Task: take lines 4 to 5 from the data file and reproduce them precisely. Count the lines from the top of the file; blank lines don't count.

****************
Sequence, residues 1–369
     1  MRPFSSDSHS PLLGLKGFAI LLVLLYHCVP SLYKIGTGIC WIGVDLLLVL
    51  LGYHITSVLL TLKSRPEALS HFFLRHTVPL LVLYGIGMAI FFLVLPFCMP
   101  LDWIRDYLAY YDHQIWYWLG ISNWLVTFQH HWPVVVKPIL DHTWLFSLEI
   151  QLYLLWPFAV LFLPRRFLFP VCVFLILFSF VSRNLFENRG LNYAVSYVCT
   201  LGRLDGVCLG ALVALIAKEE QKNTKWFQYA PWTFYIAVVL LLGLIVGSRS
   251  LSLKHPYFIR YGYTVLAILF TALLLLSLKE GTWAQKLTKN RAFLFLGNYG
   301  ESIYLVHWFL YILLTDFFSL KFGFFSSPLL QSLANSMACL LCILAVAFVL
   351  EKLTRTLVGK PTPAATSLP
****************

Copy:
   101  LDWIRDYLAY YDHQIWYWLG ISNWLVTFQH HWPVVVKPIL DHTWLFSLEI
   151  QLYLLWPFAV LFLPRRFLFP VCVFLILFSF VSRNLFENRG LNYAVSYVCT